Drought desecrates crops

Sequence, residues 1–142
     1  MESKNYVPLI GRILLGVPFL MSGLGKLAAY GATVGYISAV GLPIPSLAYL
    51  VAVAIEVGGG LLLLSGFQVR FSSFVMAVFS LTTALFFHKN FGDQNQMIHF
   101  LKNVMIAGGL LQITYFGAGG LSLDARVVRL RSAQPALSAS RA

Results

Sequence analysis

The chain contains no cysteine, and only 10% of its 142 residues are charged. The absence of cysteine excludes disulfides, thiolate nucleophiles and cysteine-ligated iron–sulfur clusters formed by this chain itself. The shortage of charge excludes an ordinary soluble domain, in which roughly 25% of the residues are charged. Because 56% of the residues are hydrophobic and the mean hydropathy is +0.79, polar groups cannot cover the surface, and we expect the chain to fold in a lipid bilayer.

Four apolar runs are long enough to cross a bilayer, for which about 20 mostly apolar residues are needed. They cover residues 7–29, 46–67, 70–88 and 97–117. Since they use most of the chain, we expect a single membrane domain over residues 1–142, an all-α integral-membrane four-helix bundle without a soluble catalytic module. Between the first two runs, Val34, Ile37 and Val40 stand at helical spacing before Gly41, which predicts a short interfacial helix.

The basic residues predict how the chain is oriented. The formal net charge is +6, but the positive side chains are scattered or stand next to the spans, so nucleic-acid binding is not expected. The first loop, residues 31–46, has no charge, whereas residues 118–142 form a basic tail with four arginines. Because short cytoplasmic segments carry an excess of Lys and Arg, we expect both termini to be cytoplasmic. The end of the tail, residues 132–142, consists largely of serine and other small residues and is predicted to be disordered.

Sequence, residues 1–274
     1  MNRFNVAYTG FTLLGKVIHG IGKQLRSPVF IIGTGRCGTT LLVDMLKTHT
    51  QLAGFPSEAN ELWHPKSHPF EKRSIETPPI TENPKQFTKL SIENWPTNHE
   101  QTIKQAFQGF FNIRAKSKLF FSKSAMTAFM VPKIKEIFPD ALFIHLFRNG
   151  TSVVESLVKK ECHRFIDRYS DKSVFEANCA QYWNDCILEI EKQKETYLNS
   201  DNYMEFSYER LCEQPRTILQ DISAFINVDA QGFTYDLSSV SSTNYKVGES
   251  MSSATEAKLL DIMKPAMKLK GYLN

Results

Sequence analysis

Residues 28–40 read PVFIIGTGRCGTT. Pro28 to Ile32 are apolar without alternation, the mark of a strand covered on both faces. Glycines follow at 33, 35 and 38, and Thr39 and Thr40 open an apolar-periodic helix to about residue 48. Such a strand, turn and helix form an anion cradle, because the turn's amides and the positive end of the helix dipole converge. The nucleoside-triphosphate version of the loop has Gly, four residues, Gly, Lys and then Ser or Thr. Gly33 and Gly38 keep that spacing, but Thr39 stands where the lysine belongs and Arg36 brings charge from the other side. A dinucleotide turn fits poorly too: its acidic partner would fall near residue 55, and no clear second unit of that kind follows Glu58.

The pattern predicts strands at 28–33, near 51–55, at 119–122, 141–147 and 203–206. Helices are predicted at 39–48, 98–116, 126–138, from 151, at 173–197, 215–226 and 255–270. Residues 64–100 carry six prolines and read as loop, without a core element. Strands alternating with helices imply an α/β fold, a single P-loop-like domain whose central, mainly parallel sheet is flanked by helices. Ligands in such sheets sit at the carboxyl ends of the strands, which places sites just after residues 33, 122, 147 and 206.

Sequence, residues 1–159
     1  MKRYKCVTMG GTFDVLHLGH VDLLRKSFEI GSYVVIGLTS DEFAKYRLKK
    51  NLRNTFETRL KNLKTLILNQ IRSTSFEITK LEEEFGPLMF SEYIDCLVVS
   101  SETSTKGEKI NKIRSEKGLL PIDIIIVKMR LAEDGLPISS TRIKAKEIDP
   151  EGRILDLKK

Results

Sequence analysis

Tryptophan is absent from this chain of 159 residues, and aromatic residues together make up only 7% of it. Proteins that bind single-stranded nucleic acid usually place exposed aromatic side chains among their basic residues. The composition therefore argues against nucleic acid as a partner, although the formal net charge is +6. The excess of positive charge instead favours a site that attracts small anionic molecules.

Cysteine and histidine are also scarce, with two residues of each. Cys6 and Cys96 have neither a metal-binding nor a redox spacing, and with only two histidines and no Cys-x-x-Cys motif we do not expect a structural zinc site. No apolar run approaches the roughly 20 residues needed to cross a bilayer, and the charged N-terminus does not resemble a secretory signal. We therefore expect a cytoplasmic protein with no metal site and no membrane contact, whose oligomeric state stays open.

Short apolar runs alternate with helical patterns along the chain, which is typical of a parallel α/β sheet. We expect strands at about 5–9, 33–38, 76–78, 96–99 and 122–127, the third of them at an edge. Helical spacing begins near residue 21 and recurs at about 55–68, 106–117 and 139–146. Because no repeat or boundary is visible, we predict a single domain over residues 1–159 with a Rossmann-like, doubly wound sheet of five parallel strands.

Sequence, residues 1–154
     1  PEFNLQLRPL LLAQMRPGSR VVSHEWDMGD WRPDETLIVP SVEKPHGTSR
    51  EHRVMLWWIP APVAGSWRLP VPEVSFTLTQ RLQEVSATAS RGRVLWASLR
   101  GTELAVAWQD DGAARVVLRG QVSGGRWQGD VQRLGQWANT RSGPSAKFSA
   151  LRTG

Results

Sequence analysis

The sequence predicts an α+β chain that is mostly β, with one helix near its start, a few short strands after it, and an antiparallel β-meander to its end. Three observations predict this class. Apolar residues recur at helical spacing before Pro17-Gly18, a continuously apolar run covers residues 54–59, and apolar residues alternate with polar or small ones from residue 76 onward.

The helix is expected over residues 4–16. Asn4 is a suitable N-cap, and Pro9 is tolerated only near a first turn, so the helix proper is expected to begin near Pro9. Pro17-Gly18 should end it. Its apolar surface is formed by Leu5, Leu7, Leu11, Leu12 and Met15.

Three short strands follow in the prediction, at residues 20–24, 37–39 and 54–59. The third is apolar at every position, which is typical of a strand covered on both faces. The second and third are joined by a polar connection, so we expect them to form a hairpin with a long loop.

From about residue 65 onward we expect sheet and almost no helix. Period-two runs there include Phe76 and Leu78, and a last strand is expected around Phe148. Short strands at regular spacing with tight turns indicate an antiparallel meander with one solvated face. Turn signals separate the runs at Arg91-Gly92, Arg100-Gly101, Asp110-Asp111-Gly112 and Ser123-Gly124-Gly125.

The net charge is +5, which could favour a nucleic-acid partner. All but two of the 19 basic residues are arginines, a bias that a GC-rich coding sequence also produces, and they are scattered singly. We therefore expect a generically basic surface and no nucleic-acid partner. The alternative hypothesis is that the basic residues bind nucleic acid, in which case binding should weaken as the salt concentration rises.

When you go out later to eat, chances are that probably 90% of what you will consume is imported, making Botswana one of the most food insecure countries in the world. While the Botswana Government is working round the clock to secure the national food basket, prevailing change in climatic conditions has ideas of its own. According to the Botswana Institute of Development Policy Analysis (BIDPA) Working Paper No. 27 penned by Tebogo Seleka, “At independence in 1966, Agriculture was the leading economic activity as it accounted for a share of 40 percent in total Gross Domestic Product (GDP). However, following the discovery of minerals in the 1970’s, Agriculture began to decline in relative importance, and today it only contributes about 2.4 percent to total GDP, and has been relegated to being the second least contributor to GDP; it only marginally surpasses the least contributor, Water and Electricity. Two factors explain agriculture’s relative decline over time; (1) the rapid growth of other economic activities, and (2) the stagnant growth of the agricultural sector.” On the current proportion contribution to GDP, Seleka was quoting the 2004 Central Statistics Office report, another set of academics, Peter Zhou and others, in a chapter they contributed to a book on Botswana’s agricultural productive capacity, they quoted a 2007 statistic which puts the contribution of agriculture to GDP at 1.6%. The common thread here is that our agricultural productive capacity has declined over time, which explains our high food import bill and at least 90% of food that we consume coming from elsewhere. The National Development Bank (NDB), the fully Government owned bank with a mission to provide innovative financial products and services which promote economic development of Botswana, took journalists on a tour of the Mosisedi Cluster of Farms in the Ngwaketse area, farmers which most are clients of the bank. The 52 year old bank is the largest financier of agriculture in the country with over 50% of its loan book having gone to financing agricultural enterprises. Mosisedi Farmers Association takes care of the interests of farmers who ply their trade in the Mosidedi cluster and most enjoy credit from NDB. The media party made a first stop at a farm run by Hockey Investments which is chaired by Monty Cronje. The 1000 hectare farm is fully developed, complete with a farm house with very mature landscaping, storerooms, and staff quarters. After a 30 minutes’ drive through swathes of wilted maize, the media party finally arrived at the farm house and is ushered into a conference room and served an assortment of tarts, courtesy of him wife. Cronje welcomes the party and lets it on the goings on at the farm. You cannot miss the farming passion of the stocky Caucasian with a heavy Afrikaner accent. The farm, with its own fully fledged weather station, received a meagre 31.6mm average rainfall between November 2013 and March 2014 when compared to the 74.6mm received for the same period previously. During the 2013/14 planting season, the farm produced 4000 tonnes of maize and 200 tonnes of sunflower. Cronje bragged, “It was the first time in the History of the Pitsane silos that one farmer filled the silos with maize.” Cronje will be lucky this season if he musters 40 tonnes of maize. According to Cronje, the current season is characterized by low rainfalls, and high temperatures averaging a maximum of 38 degrees Celsius. “This season, which is the first phenomena I have experienced in my entire farming career, so many clouds, but they do not translate into rainfall,” decried Cronje. From analysing the data from the weather station, which they have been collecting since they occupied the farm in the 2010/11 ploughing season, Cronje knew this season was going to be brutal and they had employed a strategy to fight the dry spell. “Drought usually runs in 6 year cycles, and this being the last and driest year in our cycle we reduced plant population per hectare so as to allow for wider spacing.” Cronje cultivates 1800 hectares, a thousand he owns and the other 800 he leases from other farmers.